Once upon a time there was an Objibwa boy named Opeechee. When he came of age, it was time for his dream fast, a time for him to go out into the forest on his own. There, as he fasted, he would wait for his spirit guide to come to him. It was a tradition of his people.
Opeechee's father was a proud man, and he wished for his son to become a great warrior. So eager was he for this that he could not wait for the traditional time of fasting, when warmth returned to the land and the snows had melted.
"You are strong enough to endure the cold," his father told Opeechee. "The cold winds will give you strength and will make your visions clearer. You must go now and prove how strong you are."
Opeechee was a good son, and all his life he had worked to please his father. Though the weather was freezing cold, the grounds covered with snow and the winds fierce, he did not wish to let his father down now. And so he followed his father into the forest. At the top of a hill, they quickly built a makeshift lodge. His father gave Opeechee a deerskin.
"Wrap yourself in this and sleep and fast," he said. "I will come to you each morning. Dream well, my son." And with those words he turned and walked back home.
That night was bitterly cold. All night long Opeechee shivered, but he watched and waited attentively. At midnight a deer came and spoke to him.
In the morning when his father returned, he asked his son, "What did you see?"
Opeechee spoke of the deer. "Is this my spirit guide?" he asked.
His father shook his head. "You will have a greater vision still. But you must wait and watch and listen closely."
He returned to his lodge and left Opeechee in the falling snow. At midnight a beaver came and spoke to him. The next morning Opeechee's father returned and once again asked his son what he had seen.
"A beaver came to me," Opeechee said. "He taught me a song. I will sing it to you, and you can tell me if this is my spirit guide."
His father shook his head. "Stay longer, Son. You will gain more power."
He walked back home, leaving Opeechee shivering and hungry.
For the next four days Opeechee waited and watched. Each morning his father returned to ask what he had seen. Opeechee told him of his nighttime visitors -- a badger, a crow, a squirrel, a rabbit. He was growing thinner and weaker, for he had not eaten in six days, and the weather was growing colder still.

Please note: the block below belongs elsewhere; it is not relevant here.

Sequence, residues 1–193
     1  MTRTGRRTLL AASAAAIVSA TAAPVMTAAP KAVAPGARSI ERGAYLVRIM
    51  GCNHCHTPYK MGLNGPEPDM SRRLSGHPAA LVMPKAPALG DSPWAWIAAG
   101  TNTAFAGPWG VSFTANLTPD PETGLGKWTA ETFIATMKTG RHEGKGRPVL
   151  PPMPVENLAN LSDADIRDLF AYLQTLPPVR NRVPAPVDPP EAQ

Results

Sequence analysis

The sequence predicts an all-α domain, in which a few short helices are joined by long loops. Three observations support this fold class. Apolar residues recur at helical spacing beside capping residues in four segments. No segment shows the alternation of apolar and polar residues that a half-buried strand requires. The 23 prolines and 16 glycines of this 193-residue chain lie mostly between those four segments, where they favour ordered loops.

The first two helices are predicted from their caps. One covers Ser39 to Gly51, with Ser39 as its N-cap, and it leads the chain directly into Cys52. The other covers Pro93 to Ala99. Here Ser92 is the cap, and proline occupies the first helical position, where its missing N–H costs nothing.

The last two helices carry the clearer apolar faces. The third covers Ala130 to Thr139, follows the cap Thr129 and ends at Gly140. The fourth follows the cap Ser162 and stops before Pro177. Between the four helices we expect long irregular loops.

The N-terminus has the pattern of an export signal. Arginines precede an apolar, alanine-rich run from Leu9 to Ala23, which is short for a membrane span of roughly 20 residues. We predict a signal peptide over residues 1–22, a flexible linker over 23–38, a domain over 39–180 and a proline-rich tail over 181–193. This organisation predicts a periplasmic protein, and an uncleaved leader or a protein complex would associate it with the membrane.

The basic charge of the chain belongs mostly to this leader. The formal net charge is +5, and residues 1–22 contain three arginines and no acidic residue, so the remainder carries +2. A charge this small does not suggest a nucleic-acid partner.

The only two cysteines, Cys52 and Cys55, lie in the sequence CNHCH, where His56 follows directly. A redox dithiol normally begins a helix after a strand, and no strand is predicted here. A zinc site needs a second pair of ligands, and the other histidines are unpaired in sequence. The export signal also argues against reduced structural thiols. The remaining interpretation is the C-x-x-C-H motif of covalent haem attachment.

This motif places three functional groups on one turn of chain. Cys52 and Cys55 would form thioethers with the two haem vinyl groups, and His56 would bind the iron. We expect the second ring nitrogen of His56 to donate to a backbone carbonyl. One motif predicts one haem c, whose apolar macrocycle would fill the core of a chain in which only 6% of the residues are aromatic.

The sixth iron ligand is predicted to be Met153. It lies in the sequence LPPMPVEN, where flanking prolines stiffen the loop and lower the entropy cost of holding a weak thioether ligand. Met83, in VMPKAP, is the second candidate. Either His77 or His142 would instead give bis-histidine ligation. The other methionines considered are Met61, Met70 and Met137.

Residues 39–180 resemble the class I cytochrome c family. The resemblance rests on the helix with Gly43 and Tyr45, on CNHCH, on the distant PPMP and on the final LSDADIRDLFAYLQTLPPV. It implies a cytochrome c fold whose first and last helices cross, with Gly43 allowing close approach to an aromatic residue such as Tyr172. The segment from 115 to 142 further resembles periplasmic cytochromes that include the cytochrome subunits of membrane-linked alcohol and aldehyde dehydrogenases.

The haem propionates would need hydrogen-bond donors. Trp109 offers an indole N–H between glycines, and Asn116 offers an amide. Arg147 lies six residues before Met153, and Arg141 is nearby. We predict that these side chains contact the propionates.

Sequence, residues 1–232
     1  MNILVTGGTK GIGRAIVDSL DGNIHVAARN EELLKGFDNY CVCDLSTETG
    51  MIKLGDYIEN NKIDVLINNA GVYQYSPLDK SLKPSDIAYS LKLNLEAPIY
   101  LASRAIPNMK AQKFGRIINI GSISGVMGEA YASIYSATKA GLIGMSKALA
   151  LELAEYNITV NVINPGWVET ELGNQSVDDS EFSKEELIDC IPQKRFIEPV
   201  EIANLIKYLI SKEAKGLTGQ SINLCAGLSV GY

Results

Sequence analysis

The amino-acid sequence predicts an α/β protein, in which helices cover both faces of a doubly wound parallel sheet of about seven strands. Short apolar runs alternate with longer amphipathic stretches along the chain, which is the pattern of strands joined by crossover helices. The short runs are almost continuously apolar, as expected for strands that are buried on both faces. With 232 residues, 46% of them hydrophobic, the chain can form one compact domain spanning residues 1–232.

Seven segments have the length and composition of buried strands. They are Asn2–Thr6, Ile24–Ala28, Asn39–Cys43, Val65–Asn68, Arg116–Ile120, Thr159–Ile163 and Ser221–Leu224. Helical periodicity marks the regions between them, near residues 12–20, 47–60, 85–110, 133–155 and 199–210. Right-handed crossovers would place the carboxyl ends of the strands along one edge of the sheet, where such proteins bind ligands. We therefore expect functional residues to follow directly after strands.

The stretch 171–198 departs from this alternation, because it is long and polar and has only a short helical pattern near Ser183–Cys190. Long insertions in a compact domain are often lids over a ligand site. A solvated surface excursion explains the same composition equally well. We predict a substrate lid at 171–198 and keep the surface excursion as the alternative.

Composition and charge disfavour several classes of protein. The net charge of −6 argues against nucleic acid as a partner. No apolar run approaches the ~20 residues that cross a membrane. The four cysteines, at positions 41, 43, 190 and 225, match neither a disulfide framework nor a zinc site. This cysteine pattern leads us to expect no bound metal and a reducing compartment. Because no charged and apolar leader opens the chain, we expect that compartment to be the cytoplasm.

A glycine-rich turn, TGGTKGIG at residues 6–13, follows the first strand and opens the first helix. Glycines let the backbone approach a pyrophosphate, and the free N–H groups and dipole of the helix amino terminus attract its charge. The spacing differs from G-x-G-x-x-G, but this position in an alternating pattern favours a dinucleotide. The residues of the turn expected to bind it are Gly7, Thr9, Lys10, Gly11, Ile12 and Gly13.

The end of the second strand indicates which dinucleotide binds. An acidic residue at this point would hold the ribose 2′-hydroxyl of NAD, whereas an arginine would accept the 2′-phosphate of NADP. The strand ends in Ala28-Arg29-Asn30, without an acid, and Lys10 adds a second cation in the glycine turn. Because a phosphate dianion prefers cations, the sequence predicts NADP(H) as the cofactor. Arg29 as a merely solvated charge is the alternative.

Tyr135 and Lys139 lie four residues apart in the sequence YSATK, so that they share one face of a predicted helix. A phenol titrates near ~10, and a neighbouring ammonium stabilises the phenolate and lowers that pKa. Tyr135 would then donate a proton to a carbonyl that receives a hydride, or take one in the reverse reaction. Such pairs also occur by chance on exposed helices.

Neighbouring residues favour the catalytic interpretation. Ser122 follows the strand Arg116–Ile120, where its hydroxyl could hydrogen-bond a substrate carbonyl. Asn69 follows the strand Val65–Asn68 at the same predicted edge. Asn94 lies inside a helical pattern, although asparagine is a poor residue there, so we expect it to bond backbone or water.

But each day his father said, "Wait and watch. You will have a great vision."
At dawn on the seventh morning, Opeechee's mother insisted that she go into the forest with her husband.
"I am worried about our son," she said. "I want to see him and know how he is doing."
And so they walked into the forest together. As they climbed to the top of the hill to the makeshift lodge where their son slept and dreamed, they heard a sound unlike any they had ever heard before. It was a bird singing.
"What is that?" Opeechee's mother asked. "It sounds like the bird is calling my son's name."
The father shook his head, but he began to walk more quickly. As they approached the lodge, the father called, "Son, it is time to end your fast and come home. Your mother and I have come to guide you back."
He waited for Opeechee to answer, but no answer came. The parents bent down and peered inside the lodge, and as they did, a gray-and-black bird with a bright red chest flew out, calling, "Opee-chee, Opee-chee ..."
The mother began to weep, for she understood right away. "It is my son," she sobbed, as the bird flew onto a branch above them.
Then the bird began to speak.
"Mother and Father, I am transformed into this bird because you sent me away too early. You no longer have a son, for you asked too much of me. But every spring I will return to visit you, and when I return, I will sing. My song will let parents know when it is time to send their boys on a dream fast. It will be a time when the warmth returns, the snow melts and the air is fragrant again."
And with those words, the bird flew away into the forest to await spring.
"Tell Me a Story 3: Women of Wonder," the third CD in the audiobook series, is now available. For more information, please visit www.mythsandtales.com.